Last year, the McKinsey Banking Consumer Survey was extended for the first time to Portugal. The results show that Portuguese banking customers are well ahead of banks in digital adoption—which means that Portuguese banks have a big opportunity to innovate on network shape, new formats, refreshed customer conversations, remote advisory, and digital sales and service. It is time for bank leaders to rethink the multichannel approach and introduce a strategy that reflects customer preferences.
The survey confirmed the scale of the opportunities. Digital adoption is high (61 percent of customers)—but it outstrips banks’ capabilities to deliver digital services (Exhibit 1). For example: the majority of customers would consider digital channels to open an account (61 percent), apply for a credit card (59 percent), or apply for a consumer finance loan (50 percent), but only a fraction of these actually do it. When we asked the customers why they don’t do more activities online the most common answer was, “What I do in branches can’t be done by other channels,” even amongst the more affluent and informed customers.
Portugal has always been a branch haven in Europe. In fact, the country is still among the leaders in branch density despite severe rationalization in the last five years. But the love for branches is being kept alive by a minority of customers. According to our research, 87 percent of bank branch visits are made by 28 percent of customers (Exhibit 2), which means that Portuguese banks are keeping branches open for less than a third of their customers. These tend to be older clients, who are highly focused on personal service and security. There is a clear opportunity to further rationalize the branch network, to migrate transactions (to ATM and digital), and to deploy a more automated, leaner and paperless branch operating model.
Another common perception is that Portuguese banking customers highly prefer face-to-face advice. Our research counters this idea—customers in Portugal actually show a high preference for remote digital advice, even in the most complex areas (Exhibit 3); for example, 45 percent are open to the idea of receiving remote mortgage advice. Migrating customers to a remote advisory model can significantly reduce the cost to serve. For example, the load factor of a remote relationship manager (RM) can be two times the 300 to 400 customers/RM in branch; and remote advisors show increased sales effectiveness—more than 40 percent meetings per RM and more than 30 percent banking income per meeting.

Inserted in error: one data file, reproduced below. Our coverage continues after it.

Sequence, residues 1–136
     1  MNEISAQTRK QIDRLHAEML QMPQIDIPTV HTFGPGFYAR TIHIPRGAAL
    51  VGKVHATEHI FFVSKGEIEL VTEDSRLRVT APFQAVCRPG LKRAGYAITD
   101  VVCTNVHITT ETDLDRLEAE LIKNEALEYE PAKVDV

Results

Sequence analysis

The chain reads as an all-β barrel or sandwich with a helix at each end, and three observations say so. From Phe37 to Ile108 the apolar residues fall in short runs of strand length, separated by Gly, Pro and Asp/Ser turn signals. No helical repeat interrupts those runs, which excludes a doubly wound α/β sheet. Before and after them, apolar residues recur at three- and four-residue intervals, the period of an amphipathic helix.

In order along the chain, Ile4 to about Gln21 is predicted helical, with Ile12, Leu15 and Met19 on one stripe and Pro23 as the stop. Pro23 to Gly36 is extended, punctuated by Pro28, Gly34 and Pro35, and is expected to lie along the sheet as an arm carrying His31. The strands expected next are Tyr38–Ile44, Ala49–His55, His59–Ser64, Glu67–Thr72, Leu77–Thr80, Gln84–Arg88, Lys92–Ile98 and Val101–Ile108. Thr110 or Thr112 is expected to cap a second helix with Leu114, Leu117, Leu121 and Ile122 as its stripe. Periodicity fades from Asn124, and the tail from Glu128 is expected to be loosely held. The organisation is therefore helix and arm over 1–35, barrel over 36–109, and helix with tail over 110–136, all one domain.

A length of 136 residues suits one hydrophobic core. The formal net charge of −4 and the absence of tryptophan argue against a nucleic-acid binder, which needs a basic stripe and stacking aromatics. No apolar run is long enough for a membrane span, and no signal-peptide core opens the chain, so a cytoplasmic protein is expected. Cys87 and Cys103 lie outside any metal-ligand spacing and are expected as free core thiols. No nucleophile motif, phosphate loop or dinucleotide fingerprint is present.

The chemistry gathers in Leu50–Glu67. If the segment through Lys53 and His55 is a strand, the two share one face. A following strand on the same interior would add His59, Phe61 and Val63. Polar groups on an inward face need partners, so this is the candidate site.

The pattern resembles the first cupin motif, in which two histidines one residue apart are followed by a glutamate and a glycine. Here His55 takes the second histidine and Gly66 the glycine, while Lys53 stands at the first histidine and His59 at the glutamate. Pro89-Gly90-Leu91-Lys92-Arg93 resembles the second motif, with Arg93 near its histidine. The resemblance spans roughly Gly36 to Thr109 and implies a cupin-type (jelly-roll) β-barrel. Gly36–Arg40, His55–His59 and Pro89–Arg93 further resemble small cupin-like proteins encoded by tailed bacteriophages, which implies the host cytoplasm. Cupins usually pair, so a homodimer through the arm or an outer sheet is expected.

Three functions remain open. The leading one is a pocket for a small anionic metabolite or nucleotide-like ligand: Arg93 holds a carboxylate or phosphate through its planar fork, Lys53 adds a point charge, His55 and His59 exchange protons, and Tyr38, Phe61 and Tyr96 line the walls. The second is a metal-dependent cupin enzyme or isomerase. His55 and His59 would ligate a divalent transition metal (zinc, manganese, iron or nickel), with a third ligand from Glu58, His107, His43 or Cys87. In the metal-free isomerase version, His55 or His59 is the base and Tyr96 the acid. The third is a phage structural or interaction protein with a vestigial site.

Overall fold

With that said, branches are still very important for customer acquisition in Portugal. Footprint remains key—branch proximity and access is still cited by new customers as a main factor in choosing their bank.
So how can banks grab the remote and digital opportunity while still serving those customers that prefer traditional channels? As customer preferences shift, banks need first to set new roles and targets for their channels. As in other markets, Portuguese bank branches will focus more on advice and complex interactions—a shift away from their traditional focus on transactions and cash. But these big changes in the network must always be accompanied by an improved staffing model that features multiskilling and flexibility.
Banks are moving towards a concept of branches where all employees can advise customers, and with opening hours and days aligned with customer traffic. This trend has proven its ability to reduce total in-branch FTE costs by about 8 to 10 percent. A European bank transformed its tellers into basic bankers—that is, they keep their teller roles handling counter transactions, enquiries, and support, but are also trained with skills including digital onboarding, remote advice support, simple product needs, and offering an introduction to mortgages. With these additional skills, at off-peak hours they can turn from tellers into basic bankers and contribute to sales growth.
This fluidity indicates the scale of the opportunity for banks that re-set their multichannel model to reflect customer evolution. This requires a digital approach to sales and service using advanced analytics both to acquire and retain clients, and to understand customers better at every stage of their journey. This must involve active customer satisfaction management.
The message coming out of our survey is crystal clear. Coaxing customers toward digital channels, combined with new “smart branches,” offers enormous potential.